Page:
Friday, May 22, 2009
In this post, Real Estate Attorney Keith Schumann discusses and defines some of the basics about obtaining a mortgage to purchase your co-op or condo. I recommend speaking with a mortgage professional to my new customers at the very start of their search. Mortgages are complex products which deserve careful consideration. Customers need to fine tune their understand of monthly costs, alternative scenarios, and properly target a price range for their purchase. Your real estate broker, mortgage professional, Attorney and CPA are all advisers who can help you to understand them and their tax benefits for your particular situation. It is always a good idea to ask your lender for a pre-qualification letter; which is usually done as a complimentary service. This is not the same as a loan commitment. It does say, in general terms, that that based upon an initial conversation, you would qualify for a loan. As we engage in making an offer, it becomes an instrument which re-enforces the quality of it; and helps set the stage for serious negotiations.
If you are like most purchasers, you will want to borrow a large portion of the purchase price for your home by obtaining a loan. Prior to entering into a contract to purchase a home, you should contact a mortgage broker or lender to obtain pre-approval for financing. Next to finding a home, the loan application process will be the most time-consuming task in purchasing a home. By selecting your mortgage broker or lender, completing a loan application, and assembling and submitting the financial documentation required for the loan package prior to signing a contract, you will gain the following advantages:
- You will know how much you can borrow, so you will not waste time looking at properties you cannot afford.
- You will have an advantage over other purchasers when you make an offer, since the seller will know you are qualified to get a loan and can close quickly.
- You will save time on closing your loan, because you already have assembled the required documents.
There are many loan programs available for financing a home purchase. You should be familiar with the important differences between the various types of loans available to get the one that is best for you. The type of financing you choose will make a big difference in your ability to afford the home you wish to purchase as well as with the ultimate financing costs that you will assume.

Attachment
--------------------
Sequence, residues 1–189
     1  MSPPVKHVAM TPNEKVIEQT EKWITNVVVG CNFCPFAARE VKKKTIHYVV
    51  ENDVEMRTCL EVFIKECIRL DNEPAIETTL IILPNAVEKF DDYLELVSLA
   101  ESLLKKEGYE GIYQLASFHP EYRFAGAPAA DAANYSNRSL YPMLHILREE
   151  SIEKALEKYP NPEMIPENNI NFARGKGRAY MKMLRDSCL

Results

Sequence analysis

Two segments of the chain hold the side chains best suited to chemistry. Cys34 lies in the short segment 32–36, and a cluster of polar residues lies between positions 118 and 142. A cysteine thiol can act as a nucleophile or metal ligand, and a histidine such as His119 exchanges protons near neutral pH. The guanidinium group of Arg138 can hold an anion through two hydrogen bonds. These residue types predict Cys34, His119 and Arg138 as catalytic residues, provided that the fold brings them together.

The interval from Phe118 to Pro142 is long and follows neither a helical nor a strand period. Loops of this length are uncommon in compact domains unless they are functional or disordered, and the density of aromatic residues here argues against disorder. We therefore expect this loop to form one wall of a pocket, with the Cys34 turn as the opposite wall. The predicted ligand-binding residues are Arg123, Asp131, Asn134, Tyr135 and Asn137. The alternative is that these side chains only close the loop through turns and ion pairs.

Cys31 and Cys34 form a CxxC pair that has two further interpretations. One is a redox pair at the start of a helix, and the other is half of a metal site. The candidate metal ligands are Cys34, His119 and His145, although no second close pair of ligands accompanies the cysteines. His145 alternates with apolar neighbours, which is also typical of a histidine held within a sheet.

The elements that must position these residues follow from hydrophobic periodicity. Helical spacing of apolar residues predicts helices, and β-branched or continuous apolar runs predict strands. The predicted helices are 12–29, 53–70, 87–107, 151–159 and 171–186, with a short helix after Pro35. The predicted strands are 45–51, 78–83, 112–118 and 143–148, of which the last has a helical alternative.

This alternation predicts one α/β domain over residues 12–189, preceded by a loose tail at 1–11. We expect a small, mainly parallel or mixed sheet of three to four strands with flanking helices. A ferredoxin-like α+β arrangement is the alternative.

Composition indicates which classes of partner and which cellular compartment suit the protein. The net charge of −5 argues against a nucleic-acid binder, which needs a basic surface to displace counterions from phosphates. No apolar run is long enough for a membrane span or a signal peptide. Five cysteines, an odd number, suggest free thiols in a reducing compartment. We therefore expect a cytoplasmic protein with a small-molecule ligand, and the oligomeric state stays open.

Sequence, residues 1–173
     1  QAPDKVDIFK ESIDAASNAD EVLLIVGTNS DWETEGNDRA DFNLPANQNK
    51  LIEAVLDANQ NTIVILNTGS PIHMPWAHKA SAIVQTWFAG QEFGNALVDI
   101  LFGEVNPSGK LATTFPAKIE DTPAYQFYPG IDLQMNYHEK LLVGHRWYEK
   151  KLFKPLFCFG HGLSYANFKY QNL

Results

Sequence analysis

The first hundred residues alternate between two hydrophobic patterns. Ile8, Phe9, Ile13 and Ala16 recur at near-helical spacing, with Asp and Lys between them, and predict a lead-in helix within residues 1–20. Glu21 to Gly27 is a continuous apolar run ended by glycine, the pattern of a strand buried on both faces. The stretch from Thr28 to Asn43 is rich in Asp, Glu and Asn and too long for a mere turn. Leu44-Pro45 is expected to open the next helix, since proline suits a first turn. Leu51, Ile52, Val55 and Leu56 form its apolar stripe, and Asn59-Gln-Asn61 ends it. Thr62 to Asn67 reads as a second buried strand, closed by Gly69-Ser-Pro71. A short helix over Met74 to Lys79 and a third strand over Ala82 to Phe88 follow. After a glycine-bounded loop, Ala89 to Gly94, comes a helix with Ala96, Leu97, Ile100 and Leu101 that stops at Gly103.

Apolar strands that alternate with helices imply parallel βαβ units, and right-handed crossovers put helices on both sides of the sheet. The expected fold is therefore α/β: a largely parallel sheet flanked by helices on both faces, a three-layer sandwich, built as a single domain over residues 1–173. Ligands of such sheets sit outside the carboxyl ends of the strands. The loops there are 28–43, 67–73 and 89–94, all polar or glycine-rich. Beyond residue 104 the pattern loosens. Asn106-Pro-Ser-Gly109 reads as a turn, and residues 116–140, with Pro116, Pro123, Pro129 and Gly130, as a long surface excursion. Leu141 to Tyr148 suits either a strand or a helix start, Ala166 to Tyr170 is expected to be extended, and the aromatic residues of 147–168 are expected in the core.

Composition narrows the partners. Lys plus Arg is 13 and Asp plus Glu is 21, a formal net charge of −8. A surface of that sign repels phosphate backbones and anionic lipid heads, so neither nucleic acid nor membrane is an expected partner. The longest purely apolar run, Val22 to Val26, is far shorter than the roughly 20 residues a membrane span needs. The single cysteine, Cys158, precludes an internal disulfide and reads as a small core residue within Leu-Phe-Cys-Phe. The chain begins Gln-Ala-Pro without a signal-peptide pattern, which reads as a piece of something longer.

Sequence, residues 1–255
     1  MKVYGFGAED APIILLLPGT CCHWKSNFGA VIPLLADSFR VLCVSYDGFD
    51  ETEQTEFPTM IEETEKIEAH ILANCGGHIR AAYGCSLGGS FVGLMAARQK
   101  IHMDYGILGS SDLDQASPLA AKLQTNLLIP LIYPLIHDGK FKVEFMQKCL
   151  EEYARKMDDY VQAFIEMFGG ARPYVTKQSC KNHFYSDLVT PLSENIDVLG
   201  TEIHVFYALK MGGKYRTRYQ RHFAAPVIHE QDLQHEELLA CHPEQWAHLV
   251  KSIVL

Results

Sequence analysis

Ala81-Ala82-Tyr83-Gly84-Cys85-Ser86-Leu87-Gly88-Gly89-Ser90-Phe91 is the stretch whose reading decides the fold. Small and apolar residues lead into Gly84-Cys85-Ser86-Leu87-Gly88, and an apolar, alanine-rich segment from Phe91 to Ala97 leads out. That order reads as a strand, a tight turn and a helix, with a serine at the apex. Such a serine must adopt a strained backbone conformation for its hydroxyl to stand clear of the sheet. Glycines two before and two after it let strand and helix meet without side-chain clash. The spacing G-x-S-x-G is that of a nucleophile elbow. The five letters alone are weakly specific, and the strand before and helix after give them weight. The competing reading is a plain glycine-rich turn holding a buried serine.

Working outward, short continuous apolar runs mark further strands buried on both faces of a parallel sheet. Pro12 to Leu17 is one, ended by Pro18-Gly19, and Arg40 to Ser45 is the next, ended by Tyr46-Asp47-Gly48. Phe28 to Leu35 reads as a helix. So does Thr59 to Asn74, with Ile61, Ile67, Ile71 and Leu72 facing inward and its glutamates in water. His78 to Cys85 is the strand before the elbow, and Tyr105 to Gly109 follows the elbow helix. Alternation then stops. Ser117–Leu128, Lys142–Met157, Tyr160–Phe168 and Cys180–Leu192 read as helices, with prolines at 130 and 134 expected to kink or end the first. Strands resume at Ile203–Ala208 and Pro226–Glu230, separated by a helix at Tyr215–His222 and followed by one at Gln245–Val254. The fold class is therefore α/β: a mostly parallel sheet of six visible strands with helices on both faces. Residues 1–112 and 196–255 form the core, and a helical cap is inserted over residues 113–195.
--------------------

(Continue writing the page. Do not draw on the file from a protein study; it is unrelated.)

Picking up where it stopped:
Differences Between a Coop Loan and a Mortgage LoanA purchaser financing the purchase of a coop apartment will apply for a loan specific to coops. Cooperative financing is different from other types of housing loans because you do not get a mortgage in the traditional sense of the term. Since you will be buying shares of stock in a corporation that owns the building rather than the real estate itself, you will be pledging your stock in, and proprietary lease with, the corporation as collateral for the loan. In effect, you will be getting a loan to buy the shares and to obtain a proprietary lease to live in the designated coop unit. At closing, you will sign a promissory note (which evidences the debt) and a security agreement which pledges the shares and the proprietary lease for the apartment as collateral for the repayment of the loan and will give the lender the right to take back the apartment in a foreclosure action if you fail to repay the loan. Prior to closing, your lender’s attorney will file a UCC-1 Financing Statement in the county clerk’s or register’s office to place a lien on the coop shares that you will be purchasing.
A buyer financing the purchase of a condo or a house will obtain a mortgage loan. When you obtain a mortgage loan, the property you will be purchasing is pledged to the bank as collateral for the loan. At closing, you will execute a mortgage note that evidences the debt and contains a promise to repay the loan, a mortgage that pledges the condo or house as collateral for the repayment of the loan, and other loan documents that set forth the terms of the loan. After the closing, your title company will arrange to record the mortgage in the county clerk’s office in the county where the condo or house is located.